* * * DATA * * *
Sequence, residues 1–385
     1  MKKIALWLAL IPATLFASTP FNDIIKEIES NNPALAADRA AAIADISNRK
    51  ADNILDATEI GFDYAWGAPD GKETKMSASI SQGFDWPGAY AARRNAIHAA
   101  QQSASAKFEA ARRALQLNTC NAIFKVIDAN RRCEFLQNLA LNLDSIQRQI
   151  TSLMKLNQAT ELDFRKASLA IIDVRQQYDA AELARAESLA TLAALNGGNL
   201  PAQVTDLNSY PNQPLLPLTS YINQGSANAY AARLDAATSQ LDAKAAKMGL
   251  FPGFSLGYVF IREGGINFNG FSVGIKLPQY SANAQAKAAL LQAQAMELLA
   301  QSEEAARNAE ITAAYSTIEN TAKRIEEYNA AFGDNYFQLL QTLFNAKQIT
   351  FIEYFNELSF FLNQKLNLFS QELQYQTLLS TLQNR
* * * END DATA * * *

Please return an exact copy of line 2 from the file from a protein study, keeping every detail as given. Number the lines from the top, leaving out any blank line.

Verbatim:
     1  MKKIALWLAL IPATLFASTP FNDIIKEIES NNPALAADRA AAIADISNRK